President Ortega Grants Himself Control Of Nicaragua’s Forestry ResourcesJune 25, 2014
Having just put the finishing touches on a power-enhancing overhaul of the Nicaraguan constitution, President Daniel Ortega is now looking to extend control over yet another area of the country’s government apparatus: forestry administration.
In a bill presented to the Asamblea Legislativa (AL) in February, the president’s office outlined a plan to take over all of the state’s various forest management functions. Among other things, the reform will give Ortega power to decide which forest-based industries and logging companies operate where.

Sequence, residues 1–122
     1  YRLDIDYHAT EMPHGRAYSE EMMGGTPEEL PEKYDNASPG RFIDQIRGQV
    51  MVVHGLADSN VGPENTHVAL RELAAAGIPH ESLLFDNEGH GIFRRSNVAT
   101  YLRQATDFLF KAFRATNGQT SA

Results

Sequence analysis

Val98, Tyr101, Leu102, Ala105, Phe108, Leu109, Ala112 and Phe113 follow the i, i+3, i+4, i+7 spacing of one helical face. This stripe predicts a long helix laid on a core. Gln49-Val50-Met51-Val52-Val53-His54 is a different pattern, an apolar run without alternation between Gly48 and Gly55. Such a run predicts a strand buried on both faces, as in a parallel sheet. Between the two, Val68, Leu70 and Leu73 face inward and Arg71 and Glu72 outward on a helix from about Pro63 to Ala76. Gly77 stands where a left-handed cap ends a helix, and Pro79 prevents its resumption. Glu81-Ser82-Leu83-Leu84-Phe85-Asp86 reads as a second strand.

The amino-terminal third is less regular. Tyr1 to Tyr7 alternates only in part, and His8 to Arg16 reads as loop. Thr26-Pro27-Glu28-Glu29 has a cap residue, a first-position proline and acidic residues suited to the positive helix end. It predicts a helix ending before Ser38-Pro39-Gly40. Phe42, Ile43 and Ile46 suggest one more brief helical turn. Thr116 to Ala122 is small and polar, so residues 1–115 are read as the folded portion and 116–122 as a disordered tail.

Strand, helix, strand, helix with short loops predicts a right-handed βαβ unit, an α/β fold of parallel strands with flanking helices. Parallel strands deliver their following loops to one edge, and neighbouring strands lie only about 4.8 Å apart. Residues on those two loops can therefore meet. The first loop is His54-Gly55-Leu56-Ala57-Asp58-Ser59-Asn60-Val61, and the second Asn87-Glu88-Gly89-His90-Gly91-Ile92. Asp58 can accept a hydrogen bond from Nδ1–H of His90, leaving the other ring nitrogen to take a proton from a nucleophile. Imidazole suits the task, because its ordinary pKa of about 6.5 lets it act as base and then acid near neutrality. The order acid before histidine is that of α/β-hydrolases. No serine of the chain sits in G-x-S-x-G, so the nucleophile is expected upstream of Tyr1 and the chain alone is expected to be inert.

The Ortega administration is selling the proposal as a way to promote “the rational and sustainable use of the forests” and thus crack down on “extraordinary” deforestation, which is affecting large sections of the country, including its many nature reserves (there are more than 70 in Nicaragua). Critics question whether the president’s close ties to ALBA Forestal, a joint Nicaraguan-Venezuelan logging company, may also be driving the decision.
Regardless of the president’s motives, the unicameral AL – where the governing Frente Sandinista de Liberación Nacional (FSLN) party enjoys a two-thirds “super majority” – is expected to green-light the measure, just as it did his partial rewrite of the Constitution, which went into effect earlier this year. The pliant legislature approved the constitutional reforms in a pair of quick votes, giving Ortega permission to seek reelection as many times as he chooses, expanding his power to govern by decree, and allowing him to appoint a number of key government officials without consent from the legislature.